Bridging the Cyber Inequity Gap

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Cyber inequity affects everyone, and 90% of cyber leaders surveyed by the World Economic Forum and Accenture said that inequity requires urgent action.1 The Global Cybersecurity Outlook 2024 report looks at some of the significant differences between those organizations that are cyber resilient and those that aren’t. While money is a primary reason for inequity, macroeconomic trends, industry regulations, and even the threat landscape itself contribute to the gap.

The World Economic Forum has been tracking “minimum viable cyber resilience.” This phrase means an organization has sufficient cybersecurity tools and processes to maintain critical operations. The number of organizations that believe their resilience meets the minimum has shrunk dramatically — from 67% in 2022 to 36% this year. Both the number of organizations who say their resilience is insufficient and those who say it exceeds their requirements have grown.

More low-revenue organizations reported they lost cyber resiliency than they gained. While 37% of low-revenue organizations said their resilience was insufficient, only 15% of high-revenue organizations did. Resources and skills gaps were reported as the number one barrier to cyber resilience. However, this is most challenging for public service organizations and least challenging for high-revenue organizations, showing the ability to pay for skills that demand a higher salary plays a big part.

The global shortage of skilled security personnel exacerbates this. According to ISC2, that shortage now numbers four million people worldwide.2

Cyber Inequity’s Broad Impact

While the World Economic Forum report shows resilience is most difficult for lower revenue businesses, the impact of cyber inequity is far-reaching. Low-revenue organizations with insufficient cyber resiliency are often partners or vendors for other organizations. This connection creates a concern for third-party risk.

The breach of a major U.S. retailer in 2013 brought third-party risk to the public eye. Analysis of that breach revealed that a small third-party vendor with access to the retailer’s network had insufficient security controls.3 This allowed attackers to get a foothold and eventually access info on 40 million credit and debit cards, demonstrating how a weakness in one organization can quickly spread to partners.

Since that breach, third-party risk management has received greater focus as part of a broader risk mitigation strategy. A recent study from EY found that 90% of respondents are investing to improve their third-party risk management program’s effectiveness.4

Causes of Inequity

According to the World Economic Forum, a number of factors have led to cyber inequity. Some industries are more resilient overall due to regulations. Others have invested in security out of necessity because attackers frequently target them, and they are at risk of huge losses.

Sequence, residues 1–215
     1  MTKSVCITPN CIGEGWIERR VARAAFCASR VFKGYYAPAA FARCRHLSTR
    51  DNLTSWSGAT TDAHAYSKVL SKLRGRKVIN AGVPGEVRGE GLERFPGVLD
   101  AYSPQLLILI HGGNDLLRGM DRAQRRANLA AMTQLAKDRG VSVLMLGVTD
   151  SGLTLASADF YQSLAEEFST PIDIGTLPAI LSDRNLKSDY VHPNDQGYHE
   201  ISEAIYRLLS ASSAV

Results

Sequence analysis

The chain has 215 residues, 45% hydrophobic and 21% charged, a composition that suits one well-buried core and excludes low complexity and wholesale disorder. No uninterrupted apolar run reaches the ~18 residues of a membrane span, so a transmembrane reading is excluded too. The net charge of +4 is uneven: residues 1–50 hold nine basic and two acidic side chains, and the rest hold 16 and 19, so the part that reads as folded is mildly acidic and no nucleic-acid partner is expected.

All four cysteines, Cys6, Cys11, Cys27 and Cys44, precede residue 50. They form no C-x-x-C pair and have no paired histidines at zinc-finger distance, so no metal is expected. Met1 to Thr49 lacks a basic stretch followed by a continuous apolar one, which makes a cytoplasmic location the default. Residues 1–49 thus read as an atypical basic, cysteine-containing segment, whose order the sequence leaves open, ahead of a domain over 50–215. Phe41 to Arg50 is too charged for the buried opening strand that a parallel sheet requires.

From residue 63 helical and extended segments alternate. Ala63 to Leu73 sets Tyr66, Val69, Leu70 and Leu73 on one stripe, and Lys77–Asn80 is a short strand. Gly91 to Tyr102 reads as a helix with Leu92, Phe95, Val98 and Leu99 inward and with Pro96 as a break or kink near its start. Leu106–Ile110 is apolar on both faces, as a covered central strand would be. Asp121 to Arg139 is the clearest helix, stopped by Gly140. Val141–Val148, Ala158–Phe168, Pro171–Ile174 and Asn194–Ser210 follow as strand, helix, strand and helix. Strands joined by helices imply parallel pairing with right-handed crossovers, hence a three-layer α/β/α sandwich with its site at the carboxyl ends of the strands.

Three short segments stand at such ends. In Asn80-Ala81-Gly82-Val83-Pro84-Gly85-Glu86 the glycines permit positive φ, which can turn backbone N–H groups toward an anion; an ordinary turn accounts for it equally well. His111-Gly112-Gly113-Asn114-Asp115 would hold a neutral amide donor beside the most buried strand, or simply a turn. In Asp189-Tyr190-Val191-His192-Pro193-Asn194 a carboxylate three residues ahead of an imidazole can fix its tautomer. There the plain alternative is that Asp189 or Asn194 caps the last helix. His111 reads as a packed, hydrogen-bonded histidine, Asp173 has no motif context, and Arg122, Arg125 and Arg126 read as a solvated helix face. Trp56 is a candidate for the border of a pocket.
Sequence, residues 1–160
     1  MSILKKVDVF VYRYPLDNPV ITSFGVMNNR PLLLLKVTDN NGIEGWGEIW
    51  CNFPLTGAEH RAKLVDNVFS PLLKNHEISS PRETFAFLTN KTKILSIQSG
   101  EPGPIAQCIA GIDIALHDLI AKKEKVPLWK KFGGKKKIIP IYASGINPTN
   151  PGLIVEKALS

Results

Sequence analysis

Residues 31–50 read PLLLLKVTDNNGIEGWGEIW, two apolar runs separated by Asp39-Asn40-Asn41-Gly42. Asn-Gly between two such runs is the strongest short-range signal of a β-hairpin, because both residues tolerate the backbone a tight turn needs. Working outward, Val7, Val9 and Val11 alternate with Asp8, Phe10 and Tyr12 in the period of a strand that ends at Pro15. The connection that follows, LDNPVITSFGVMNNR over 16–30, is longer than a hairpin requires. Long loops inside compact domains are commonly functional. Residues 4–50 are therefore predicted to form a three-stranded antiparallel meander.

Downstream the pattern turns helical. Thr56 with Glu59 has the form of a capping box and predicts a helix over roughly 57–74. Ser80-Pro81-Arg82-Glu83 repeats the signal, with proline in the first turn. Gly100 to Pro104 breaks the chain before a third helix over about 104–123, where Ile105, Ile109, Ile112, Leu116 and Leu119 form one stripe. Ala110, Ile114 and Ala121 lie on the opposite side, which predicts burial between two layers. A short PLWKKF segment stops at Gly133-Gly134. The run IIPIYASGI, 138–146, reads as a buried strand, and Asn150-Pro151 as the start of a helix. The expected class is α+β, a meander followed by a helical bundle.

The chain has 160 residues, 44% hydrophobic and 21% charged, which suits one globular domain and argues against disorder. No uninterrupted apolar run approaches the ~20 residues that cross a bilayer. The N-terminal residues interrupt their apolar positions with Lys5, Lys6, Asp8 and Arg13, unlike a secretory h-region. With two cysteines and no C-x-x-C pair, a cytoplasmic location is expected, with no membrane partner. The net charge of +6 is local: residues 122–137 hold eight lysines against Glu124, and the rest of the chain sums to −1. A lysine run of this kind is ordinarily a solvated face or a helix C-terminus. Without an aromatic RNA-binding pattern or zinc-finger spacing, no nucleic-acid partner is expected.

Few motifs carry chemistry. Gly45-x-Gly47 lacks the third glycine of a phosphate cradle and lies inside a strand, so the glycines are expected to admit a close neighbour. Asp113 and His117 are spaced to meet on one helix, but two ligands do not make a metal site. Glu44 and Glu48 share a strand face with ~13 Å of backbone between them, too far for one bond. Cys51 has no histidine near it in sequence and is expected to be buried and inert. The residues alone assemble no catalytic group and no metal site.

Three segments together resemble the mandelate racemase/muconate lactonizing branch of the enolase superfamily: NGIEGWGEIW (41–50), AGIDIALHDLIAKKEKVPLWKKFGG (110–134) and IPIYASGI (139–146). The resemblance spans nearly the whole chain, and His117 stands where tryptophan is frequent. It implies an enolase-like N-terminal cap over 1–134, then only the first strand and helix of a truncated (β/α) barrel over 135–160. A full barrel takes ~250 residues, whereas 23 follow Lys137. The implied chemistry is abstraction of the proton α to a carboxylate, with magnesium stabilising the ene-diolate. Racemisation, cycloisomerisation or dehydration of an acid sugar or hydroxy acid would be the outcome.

But global economics also plays a part.

High and low-resilience organizations are divided by geography. Higher cyber resilience was reported in North America and Europe, while lower resilience was reported in Latin America and Africa. Less developed countries have fewer people connected to the internet—just 27% compared to a global average of 63%, according to the United Nations.5 While cybersecurity skills are in short supply globally, the available talent pool is even smaller in less-developed countries.

What’s Being Proposed to Close the Inequity Gap?

The World Economic Forum report offers four strategies to help close the cyber inequity gap:

  1. Increased affordability. Open-source solutions or subsidies can help supply the right tools to be effective.
  2. Education. This can fill the resource gaps, whether that’s upskilling employees or helping them pursue continuing education.
  3. Regulation. More than 60% of both public and private organization leaders said cyber and privacy regulation effectively reduces risk.
  4. Third-party support. High-revenue companies can help their supply chain partners improve their security posture, improving cyber resilience for everyone involved.

Strategies for Achieving Cyber Resilience for All

As we have shared, the data confirms that the widespread challenge of cyber inequity threatens individual organizations as well as broader networks. The Global Cybersecurity Outlook 2024 underscores the critical need to tackle this disparity where high-revenue organizations report adequate resources while their lower-revenue counterparts struggle. And there are tangible strategies for overcoming the gap.

Increased affordability and accessibility of cybersecurity tools, comprehensive education and upskilling programs, tighter cyber and privacy regulations, and collaborative third-party risk management efforts are first-line solutions to level the cyber playing field.

Yet, as cyber threats evolve, so must the collective approach to cyber resilience, working toward a future where cybersecurity is a universal standard, not a privilege.

  1. World Economic Forum, Global Cybersecurity Outlook 2024, Jan. 2024
  2. ISC2, Cyber Workforce Study 2023, Nov. 2023
  3. United States Senate Committee on Commerce, Science, and Transportation, A “Kill Chain” Analysis of the 2013 Target Data Breach, Mar. 2014
  4. EY, 2023 EY Global Third-Party Risk Management Survey, Oct. 2023
  5. United Nations, Widening Digital Gap between Developed, Developing States Threatening to Exclude World’s Poorest from Next Industrial Revolution, Speakers Tell Second Committee, Oct. 2023